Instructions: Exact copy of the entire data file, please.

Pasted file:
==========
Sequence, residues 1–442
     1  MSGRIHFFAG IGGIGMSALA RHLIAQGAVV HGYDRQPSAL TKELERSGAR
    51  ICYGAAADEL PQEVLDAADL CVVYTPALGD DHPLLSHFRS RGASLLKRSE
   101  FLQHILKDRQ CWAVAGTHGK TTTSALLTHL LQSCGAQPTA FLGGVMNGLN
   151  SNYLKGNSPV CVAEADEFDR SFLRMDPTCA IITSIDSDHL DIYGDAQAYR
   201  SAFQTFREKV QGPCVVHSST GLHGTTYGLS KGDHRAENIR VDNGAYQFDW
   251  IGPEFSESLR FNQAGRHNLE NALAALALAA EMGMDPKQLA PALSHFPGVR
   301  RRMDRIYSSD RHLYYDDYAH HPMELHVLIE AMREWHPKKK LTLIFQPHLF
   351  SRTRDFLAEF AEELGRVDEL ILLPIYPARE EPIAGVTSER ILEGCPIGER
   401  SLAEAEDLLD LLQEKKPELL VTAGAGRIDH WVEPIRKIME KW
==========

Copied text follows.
Sequence, residues 1–442
     1  MSGRIHFFAG IGGIGMSALA RHLIAQGAVV HGYDRQPSAL TKELERSGAR
    51  ICYGAAADEL PQEVLDAADL CVVYTPALGD DHPLLSHFRS RGASLLKRSE
   101  FLQHILKDRQ CWAVAGTHGK TTTSALLTHL LQSCGAQPTA FLGGVMNGLN
   151  SNYLKGNSPV CVAEADEFDR SFLRMDPTCA IITSIDSDHL DIYGDAQAYR
   201  SAFQTFREKV QGPCVVHSST GLHGTTYGLS KGDHRAENIR VDNGAYQFDW
   251  IGPEFSESLR FNQAGRHNLE NALAALALAA EMGMDPKQLA PALSHFPGVR
   301  RRMDRIYSSD RHLYYDDYAH HPMELHVLIE AMREWHPKKK LTLIFQPHLF
   351  SRTRDFLAEF AEELGRVDEL ILLPIYPARE EPIAGVTSER ILEGCPIGER
   401  SLAEAEDLLD LLQEKKPELL VTAGAGRIDH WVEPIRKIME KW